My Grief Care

Grief & Mental Health

5 Episodes

Episode 5 : Should I take medication for my grief?


Episode Notes

Psychological Medication

In this episode, I’m going to speak briefly about psychological medications and their relationship to healing from grief. First, while I am a trained, experienced and licensed psychotherapist who has worked with a wide variety of clients, some struggling with severe and persistent mental illness, I do not prescribe medicine.

Prescribing medicine is the role of your medical doctor. In the case of common and basic mental health symptoms, family practitioners and internists are typically well prepared to prescribe medications designed to help with sleep issues, depression or anxious symptoms. For psychotic symptom management, and other complex psychological cases, psychiatrists are most typically the prescribers of medications. Psychiatrists are also physicians who specialize in mental health and related medicines. I’m going to pause a moment here for an important safety announcement., I want to state strongly that you should never take another person’s leftover medications. Only use medications that are prescribed for you by a licensed physician.

Again, I am not a physician, but I know enough to introduce you to basics about medications for psychological symptoms. And, I bring up the topic here, because the impact of losing a loved one can often trigger difficult symptoms of a psychological nature. And, in some cases, a properly prescribed medication can help a grieving person manage such difficult symptoms.

I’d like to speak about a few types of medications and related considerations without getting into too much detail. I will do so based on symptoms.

Depressive symptoms like deep sadness, guilt, hopelessness, helplessness, worthlessness, lack of energy, are very common. There may also be issues with sleeping and disordered eating. If you look up the symptoms of Major Depressive Disorder (a commonly diagnosed mental disorder) you’ll note they are often the same as symptoms that often accompany grief. So, could an antidepressant be helpful to you? Well, only your physician can make that recommendation to you. But, it might help to know a little more about antidepressants. Most people have heard of antidepressants. But, in my experience, many people have inaccurate beliefs about the use and impact of antidepressants.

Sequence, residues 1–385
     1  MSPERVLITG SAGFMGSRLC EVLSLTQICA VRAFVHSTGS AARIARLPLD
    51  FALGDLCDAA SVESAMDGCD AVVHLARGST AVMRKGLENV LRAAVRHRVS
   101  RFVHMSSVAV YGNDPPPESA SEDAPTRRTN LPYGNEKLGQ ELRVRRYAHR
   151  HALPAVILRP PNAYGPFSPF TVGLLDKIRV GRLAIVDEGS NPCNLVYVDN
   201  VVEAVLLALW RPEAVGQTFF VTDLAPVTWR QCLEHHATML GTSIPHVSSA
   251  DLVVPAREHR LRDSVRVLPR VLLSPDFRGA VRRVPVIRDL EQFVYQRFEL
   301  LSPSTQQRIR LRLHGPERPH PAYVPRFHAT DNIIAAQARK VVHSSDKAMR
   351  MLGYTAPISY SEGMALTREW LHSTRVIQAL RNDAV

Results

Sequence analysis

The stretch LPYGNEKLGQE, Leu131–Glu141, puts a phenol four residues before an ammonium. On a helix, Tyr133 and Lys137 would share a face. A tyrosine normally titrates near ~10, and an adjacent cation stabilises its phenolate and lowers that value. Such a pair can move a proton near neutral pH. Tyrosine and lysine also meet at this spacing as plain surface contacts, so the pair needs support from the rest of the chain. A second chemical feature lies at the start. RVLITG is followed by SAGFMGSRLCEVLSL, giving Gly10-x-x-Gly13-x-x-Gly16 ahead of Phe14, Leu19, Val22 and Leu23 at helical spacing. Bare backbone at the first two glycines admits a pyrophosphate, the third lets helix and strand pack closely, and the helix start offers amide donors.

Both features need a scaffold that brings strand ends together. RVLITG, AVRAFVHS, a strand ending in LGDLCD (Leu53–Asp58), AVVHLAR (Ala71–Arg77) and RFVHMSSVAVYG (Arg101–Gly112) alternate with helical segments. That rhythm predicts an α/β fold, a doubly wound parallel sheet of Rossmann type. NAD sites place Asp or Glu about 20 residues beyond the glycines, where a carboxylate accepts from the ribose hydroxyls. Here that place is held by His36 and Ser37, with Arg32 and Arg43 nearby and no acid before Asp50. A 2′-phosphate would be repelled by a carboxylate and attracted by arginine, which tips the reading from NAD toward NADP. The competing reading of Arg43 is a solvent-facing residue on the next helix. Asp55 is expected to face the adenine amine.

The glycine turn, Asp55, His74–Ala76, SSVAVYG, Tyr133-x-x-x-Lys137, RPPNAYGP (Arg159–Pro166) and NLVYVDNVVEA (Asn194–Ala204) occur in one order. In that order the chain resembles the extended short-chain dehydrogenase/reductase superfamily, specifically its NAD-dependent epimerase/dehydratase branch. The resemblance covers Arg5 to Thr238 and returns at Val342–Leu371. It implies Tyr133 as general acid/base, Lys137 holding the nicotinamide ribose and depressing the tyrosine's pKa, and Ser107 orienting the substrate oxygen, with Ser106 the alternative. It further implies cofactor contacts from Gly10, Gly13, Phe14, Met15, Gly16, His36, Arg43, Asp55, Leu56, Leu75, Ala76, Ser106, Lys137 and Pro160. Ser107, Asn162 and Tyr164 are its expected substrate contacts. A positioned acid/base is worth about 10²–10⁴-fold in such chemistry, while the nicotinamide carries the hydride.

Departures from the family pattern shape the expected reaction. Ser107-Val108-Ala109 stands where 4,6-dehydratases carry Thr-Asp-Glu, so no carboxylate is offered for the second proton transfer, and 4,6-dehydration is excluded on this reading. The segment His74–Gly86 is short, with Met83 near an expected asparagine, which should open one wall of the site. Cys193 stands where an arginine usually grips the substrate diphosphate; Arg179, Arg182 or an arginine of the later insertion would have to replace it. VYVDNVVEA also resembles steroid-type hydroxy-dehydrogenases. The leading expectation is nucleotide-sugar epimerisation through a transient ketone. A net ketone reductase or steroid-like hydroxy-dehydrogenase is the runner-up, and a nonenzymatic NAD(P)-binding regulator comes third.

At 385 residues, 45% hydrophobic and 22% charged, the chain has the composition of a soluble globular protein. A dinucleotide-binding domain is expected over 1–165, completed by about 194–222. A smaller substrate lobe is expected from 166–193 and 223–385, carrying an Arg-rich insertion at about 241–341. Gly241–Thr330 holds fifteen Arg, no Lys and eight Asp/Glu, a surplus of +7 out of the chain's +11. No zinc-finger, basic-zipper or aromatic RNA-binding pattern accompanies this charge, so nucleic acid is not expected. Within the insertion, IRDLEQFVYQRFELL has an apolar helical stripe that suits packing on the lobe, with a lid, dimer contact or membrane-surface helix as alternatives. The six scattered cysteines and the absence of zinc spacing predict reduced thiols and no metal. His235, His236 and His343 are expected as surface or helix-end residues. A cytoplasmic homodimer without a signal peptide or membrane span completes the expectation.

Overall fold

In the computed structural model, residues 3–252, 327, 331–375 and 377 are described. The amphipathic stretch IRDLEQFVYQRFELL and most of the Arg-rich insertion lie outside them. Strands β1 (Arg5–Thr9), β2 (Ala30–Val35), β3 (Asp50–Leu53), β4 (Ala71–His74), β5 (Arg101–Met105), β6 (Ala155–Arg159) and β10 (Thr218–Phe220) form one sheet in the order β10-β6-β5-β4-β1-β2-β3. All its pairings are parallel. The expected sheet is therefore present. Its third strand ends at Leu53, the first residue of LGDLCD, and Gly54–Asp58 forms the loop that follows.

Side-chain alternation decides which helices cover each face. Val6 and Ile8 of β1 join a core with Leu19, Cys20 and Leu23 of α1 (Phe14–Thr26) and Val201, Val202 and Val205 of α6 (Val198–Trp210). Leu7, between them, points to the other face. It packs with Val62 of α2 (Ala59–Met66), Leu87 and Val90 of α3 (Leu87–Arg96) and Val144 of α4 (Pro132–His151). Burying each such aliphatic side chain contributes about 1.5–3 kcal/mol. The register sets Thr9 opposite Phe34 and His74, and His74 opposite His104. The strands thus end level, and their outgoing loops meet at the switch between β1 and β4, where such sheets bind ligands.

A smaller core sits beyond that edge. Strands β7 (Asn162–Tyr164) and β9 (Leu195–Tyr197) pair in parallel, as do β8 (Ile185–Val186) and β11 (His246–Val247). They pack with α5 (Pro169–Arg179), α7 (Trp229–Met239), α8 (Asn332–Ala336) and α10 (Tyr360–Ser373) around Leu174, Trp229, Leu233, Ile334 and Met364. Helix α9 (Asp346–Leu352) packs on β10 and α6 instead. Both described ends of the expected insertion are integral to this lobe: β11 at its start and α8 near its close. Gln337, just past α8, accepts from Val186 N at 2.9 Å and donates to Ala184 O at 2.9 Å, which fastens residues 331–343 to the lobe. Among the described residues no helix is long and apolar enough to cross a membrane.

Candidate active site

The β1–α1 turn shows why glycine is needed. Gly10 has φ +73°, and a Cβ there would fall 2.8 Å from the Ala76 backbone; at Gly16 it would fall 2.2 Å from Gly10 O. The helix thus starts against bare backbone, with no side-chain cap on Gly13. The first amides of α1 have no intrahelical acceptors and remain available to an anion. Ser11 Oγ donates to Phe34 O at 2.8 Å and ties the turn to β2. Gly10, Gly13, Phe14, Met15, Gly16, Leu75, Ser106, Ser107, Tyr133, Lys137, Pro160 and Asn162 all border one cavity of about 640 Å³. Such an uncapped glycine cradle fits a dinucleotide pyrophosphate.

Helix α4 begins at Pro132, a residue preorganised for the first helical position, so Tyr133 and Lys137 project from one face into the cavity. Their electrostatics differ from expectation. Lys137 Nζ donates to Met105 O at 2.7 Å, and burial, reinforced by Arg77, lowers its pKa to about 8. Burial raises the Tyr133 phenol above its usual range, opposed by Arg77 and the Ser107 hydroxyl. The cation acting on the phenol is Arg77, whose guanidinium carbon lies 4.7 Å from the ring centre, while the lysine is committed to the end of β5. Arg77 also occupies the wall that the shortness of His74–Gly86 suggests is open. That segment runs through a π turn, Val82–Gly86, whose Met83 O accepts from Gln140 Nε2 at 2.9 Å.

People sometimes think things such as:

  1. Antidepressants are for crazy people.
  2. Antidepressants are addictive.
  3. Taking antidepressants is a sin.

These beliefs are inaccurate. While it is true that antidepressants may have some negative side effects, and physicians rightfully take prudent precautions in prescribing them, they are not addictive. Taking an antidepressant doesn’t mean a person is crazy.

Finally, taking an antidepressant is certainly not a sin unless you believe ALL medications are sinful. Some people, myself included, do better with an antidepressant and have no negative side effects whatsoever. Others are able to take them for a season and then wean off them. Antidepressants are generally prescribed to take daily. And, again, they don’t make you high and they are not addictive.

What about anxious symptoms? Interestingly, some of the most common anti-anxiety medications are antidepressants. An effective antidepressant prescribed by a physician for anxiety, can be helpful and will probably have a very gradual impact. Other medications, such as those from the benzodiazepine family of medicines, are used to create a rapid tranquilizing/calming effect in the case of the fast onset of debilitating anxiety symptoms.

Some of these medicines DO have abuse potential and others don’t. But don’t worry. Your physician knows the pros and cons of these medications and will be able to answer any questions you might have. These medicine options may be considered if your anxiety symptoms are causing you to be less functional and fearful.

Sometimes a griever may not have crippling depressive or anxious symptoms, but may have trouble with insomnia. Insomnia is a symptom that can make other psychological symptoms worse. If you have trouble getting to sleep or staying asleep (or some combination of the two) a physician will be able to provide you sleep aid prescription options. Some very strong sleep aid medications have unpleasant and even dangerous symptoms. Others are considered to be very safe. So, physicians will typically work with the safest medication using the lowest possible doses to help you achieve sleep but with no more aid than is necessary.

It is always prudent to be cautious about taking medicines into your body. However, not considering a medication that may reduce very difficult symptoms, in my view, is not very wise. As a mental health professional, and a caring person, I hate to see someone suffering unnecessarily because they have unfounded beliefs about these classes of medications. I’m going to end this episode on that note and review key points with you quick.


  1. Symptoms associated with grieving a loss are sometimes very similar to mental health disorder symptoms and might be alleviated with properly prescribed medications.
  2. Physicians are the only persons who can prescribe medications for psychological symptoms and you should never take another person’s leftover medication.
  3. There are many false beliefs about medications for psychological symptoms.
  4. If a medication can safely reduce the negative psychological symptoms of a grieving person, their grief journey may be made shorter and less difficult to bear.


If you are struggling with symptoms impacting your sleeping, eating, depression or anxiety, please consider seeing your primary care physician for a medication consultation.


A person who ignores the advice of others may suffer needlessly in the present and often suffers regrets in the future.